Once you see flowers, it’s time to prune. I cut off everything below the first flowers, but left any leaves above it. I also cut each plant down to two stalks to force the sugar production and growth upwards rather than outwards. I probably should have done this when I transplanted them, but I wasn’t sure which stalks would survive. I think I wasted a lot of growth energy on those unnecessary stalks. There were so many leaves on one plant that finding the stalks to prune was really difficult!
Nevertheless, I pruned them back and then tossed the leaves in my compost bin. The bin desperately needed green matter, so it wasn’t a total waste.
After the initial pruning, you have to be vigilant. If you spot suckers growing out the spots where branches meet the stalk, pluck them out. If you spot dead blossoms, pop them off.
Securing the Plants
I attached the stems to the cages by looping the tie around the stem, twisting it into a figure eight, and then tying the other end to the cage. This weekend I’ll repeat the process for new growth.
My First Tomato!
So far I have precisely one tomato growing. It’s on the earliest producing plant, but the plant isn’t supposed to reach maturity until the end of May, and could be later depending on temperatures. I have what appear to be the beginnings of tomatoes on another plant. I don’t expect to see a real crop until mid-June.
If you’ve been reading this blog for a while, you know I’m a dedicated menu planner. Not only do I plan my menus every week, I keep them in a little notebook, and save past notebooks so I can refer back to what I ate two years ago. (I’m wacky that way.) Anyway, sometimes my menu plan gets thrown off, or I’m away at the end of the week and don’t get to make the next one. That’s when it’s time to get creative. I’ve come up with a few easy meals that I can always rely on to keep us fed in a pinch.
Jerk Chicken with Homemade Tortilla Chips and Fruit
Jerk spice mix
Simply rub the jerk spice mix into the chicken breasts and grill or bake. While that’s cooking, heat about ½ inch of oil in a large pan. Cut tortillas into triangles. I get 8 triangles per tortilla. Fry triangles 5-6 at a time (depending on the size of the pan.) It takes about one minute, including time to flip the chips in the middle. Drain on paper towels and periodically sprinkle with seasoning salt if you want a kick, or regular salt if you don’t. Serve with oranges, grapes, or whatever other fruit you have on hand. Something a little tart is best.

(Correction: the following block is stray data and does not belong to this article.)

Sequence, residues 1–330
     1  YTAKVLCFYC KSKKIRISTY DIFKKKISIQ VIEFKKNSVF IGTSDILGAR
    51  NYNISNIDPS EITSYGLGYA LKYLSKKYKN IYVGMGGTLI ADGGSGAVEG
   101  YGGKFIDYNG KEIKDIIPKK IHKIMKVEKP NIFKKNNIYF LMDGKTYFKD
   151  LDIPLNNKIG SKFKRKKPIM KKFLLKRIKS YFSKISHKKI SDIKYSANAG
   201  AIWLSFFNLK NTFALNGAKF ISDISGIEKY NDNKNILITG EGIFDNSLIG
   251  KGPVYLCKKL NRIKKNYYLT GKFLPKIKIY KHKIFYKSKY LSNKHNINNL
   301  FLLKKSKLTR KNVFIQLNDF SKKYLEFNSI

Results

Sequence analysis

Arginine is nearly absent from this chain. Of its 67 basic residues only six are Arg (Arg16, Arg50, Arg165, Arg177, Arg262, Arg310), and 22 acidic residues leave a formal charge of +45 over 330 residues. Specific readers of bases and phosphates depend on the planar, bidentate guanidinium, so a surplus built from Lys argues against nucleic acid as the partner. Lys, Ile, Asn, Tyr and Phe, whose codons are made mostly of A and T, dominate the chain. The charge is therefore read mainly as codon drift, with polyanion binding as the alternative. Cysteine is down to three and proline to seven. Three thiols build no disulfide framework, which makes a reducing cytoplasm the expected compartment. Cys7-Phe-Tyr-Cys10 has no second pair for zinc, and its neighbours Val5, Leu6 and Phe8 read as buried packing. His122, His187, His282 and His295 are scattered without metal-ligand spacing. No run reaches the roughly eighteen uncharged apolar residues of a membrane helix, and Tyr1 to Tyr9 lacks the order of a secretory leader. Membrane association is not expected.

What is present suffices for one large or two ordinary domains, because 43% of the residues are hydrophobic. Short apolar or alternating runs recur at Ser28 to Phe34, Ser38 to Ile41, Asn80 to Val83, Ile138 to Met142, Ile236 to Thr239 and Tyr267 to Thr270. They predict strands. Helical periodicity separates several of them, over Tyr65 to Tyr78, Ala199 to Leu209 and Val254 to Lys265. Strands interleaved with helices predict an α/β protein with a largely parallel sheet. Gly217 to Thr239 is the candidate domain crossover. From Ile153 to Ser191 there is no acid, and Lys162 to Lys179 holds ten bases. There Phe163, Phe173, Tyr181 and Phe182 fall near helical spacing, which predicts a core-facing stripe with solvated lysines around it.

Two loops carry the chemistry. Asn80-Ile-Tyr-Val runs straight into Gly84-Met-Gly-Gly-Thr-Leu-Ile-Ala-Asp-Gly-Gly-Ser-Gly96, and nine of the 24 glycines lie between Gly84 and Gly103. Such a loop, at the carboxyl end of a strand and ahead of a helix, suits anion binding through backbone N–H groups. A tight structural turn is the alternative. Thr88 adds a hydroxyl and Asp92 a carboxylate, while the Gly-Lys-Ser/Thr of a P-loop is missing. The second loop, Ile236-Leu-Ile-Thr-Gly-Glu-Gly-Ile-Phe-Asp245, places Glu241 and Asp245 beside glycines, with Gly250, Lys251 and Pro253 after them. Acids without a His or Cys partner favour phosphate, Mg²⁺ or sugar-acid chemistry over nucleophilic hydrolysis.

Here’s another easy one I got from NPR’s The Splendid Table weekly newsletter.
Stale corn tortillas (put them in the oven to dry them out) (about 2 per person)
Eggs, lightly beaten, about two per person.
Jack cheese, cut into smallish chunks
You can also add other veggies like chopped bell peppers if you have them on hand.
Cut the tortillas into strips. Film the pan with oil. When it’s hot, add the tortilla strips and the onion. Fry until strips are crisp. Slide them to the side and drop the eggs in the middle of the pan. Scramble the eggs until they reach your preferred consistency. Sprinkle with jack cheese. Serve with salsa on the side.
Yes, it’s easy to order a pizza, but this will taste better.
Ingredients for your preferred pizza crust recipe
Toppings of your choice
Mix the crust by hand or in a stand mixer. If using a yeast crust, let rise for 20 minutes or so. Bake until set at the temperature called for in the recipe, about 7 minutes. Top with your preferred toppings. Bake another 20 minutes until the cheese is melted and slightly browned.
If you don’t even want to go to the effort of cooking, this is the easiest recipe in my arsenal.
Defrosted shrimp, shelled, tail-on (about 4 ounces per person)
Chicken broth (about 1.5 cups per person)
Dipping sauces of your choice
If you have an electric fondue pot, this recipe couldn’t be easier. Pour chicken broth into the pot. Smash a garlic clove and drop it in. Add a teaspoon or so of lemon juice. Heat, but do not boil. Each person attaches their own shrimp to their fondue forks. Place in the pot and cook until shrimp is pink and curled. It takes a minute or two. Remove, dip in sauce, eat, and repeat with more shrimp. I usually serve this with a mustard tartar sauce and a sweet and sour sauce. A salad and a side of rice fills out the meal.
Some people say fried rice is best with leftover rice, but I don’t usually have leftover white rice. This is easy to throw together in a pinch and always tastes good.
Eggs, lightly beaten (about ½ per person)
Chicken or pork, browned and cubed (about 4 ounces per person)
Green onions, diced
Cashews or peanuts, toasted
Snow peas, regular peas, green beans, green or red peppers, whatever you on hand, cubed
Cook the rice and set aside. Toast the nuts and set aside. If you’re using a veggie that requires a long cooking time like snow peas, steam them and set aside. Film a nonstick pan with oil. Drop in the green onions and the eggs. Scramble until set. Remove from the pan and set aside. Add the chicken or pork to the pan. Cook through. Add more oil if necessary. Add the rice to the pan. Heat through. Add the veggies. Heat through. Add the nuts. Add 1-2 tablespoons of soy sauce per two cups of cooked rice. Test after each tablespoon because it varies by brand and your personal preference. Add the eggs and green onions. Heat through. Serve with potstickers, egg rolls, a salad, or eat it alone. It’s certainly got everything you need.
I find that if I keep most of these ingredients on hand, I’m always able to come up with a meal in a pinch if our plans change or I don’t have time to make a menu. Some weeks I’ll just look in the freezer and pantry, see that they’re full, and declare a “creative kitchen” week. I promise you we never go hungry.